Survival of Staphylococcus aureus on sampling swabs stored at different temperatures

D. Panisello Yagüe, J. Mihaljevic, M. Mbegbu, C. V. Wood, C. Hepp, S. Kyman, H. Hornstra, R. Trotter, E. Cope, T. Pearson

Research output: Contribution to journalArticlepeer-review

5 Scopus citations


Aims: To understand the impact of storage temperature on recovery of Staphylococcus aureus on sampling swabs. Staphylococcus aureus is a common cause of skin and soft tissue infections, but also causes a variety of life-threatening diseases. With a large pool of asymptomatic carriers and transmission that can occur even through indirect contact, mitigation efforts have had limited success. Swab sampling, followed by culturing, is a cornerstone of epidemiological studies, however, S. aureus viability on swabs stored at different temperatures has not been characterized. Methods and Results: We determined survival rates on swabs stored at five different temperatures. Samples stored at −70°C had no decay over time while samples stored at higher temperatures showed an exponential decay in viability. Mortality rates were greatest for swabs stored at 37°C. Survival at intermediate temperatures (−20 to 20·5°C) did not differ significantly, however, we observed more variation at higher temperatures. Conclusions: To maximize recovery of S. aureus cells, samples should be stored at −70°C or processed for culturing without delay. Significance and Impact of the Study: Epidemiological studies of bacterial diseases are typically limited to determination of pathogen presence/absence, yet quantitative assessments of pathogen load and genetic diversity can provide insights into disease progression and severity, likelihood of transmission and adaptive evolutionary potential. For studies of S. aureus where time or access to a microbiology laboratory may delay culturing, deep freezing or timely culturing will maximize the degree to which sampling results reflect source status.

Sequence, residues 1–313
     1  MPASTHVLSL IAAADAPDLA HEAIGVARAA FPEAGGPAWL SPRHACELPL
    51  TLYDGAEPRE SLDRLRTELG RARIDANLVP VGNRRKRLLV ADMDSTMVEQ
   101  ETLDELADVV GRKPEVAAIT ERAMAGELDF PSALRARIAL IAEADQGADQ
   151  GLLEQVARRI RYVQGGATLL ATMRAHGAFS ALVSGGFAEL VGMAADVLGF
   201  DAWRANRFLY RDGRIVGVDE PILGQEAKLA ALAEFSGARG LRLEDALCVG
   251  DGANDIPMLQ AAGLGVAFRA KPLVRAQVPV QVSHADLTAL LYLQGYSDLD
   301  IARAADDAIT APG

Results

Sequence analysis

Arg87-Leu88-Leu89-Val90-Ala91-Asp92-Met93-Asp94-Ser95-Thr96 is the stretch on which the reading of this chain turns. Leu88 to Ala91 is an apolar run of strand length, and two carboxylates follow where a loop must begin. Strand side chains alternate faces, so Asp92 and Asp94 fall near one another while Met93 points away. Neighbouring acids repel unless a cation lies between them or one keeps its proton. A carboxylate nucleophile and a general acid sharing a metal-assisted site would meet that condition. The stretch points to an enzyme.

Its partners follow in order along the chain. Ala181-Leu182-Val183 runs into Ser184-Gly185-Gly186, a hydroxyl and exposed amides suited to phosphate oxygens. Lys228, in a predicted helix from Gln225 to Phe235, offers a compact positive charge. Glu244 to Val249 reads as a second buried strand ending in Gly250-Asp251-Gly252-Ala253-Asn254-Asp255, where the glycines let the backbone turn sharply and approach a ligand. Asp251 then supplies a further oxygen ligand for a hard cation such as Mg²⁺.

Original languageEnglish (US)
Pages (from-to)1030-1038
Number of pages9
JournalJournal of Applied Microbiology
Issue number3
StatePublished - Sep 2021


  • bacterial storage conditions
  • community sampling of S. aureus
  • determining bacterial concentration
  • microbial viability
  • storing bacterial samples
  • survival of bacteria on swabs
  • swab samples

ASJC Scopus subject areas

  • Biotechnology
  • Applied Microbiology and Biotechnology


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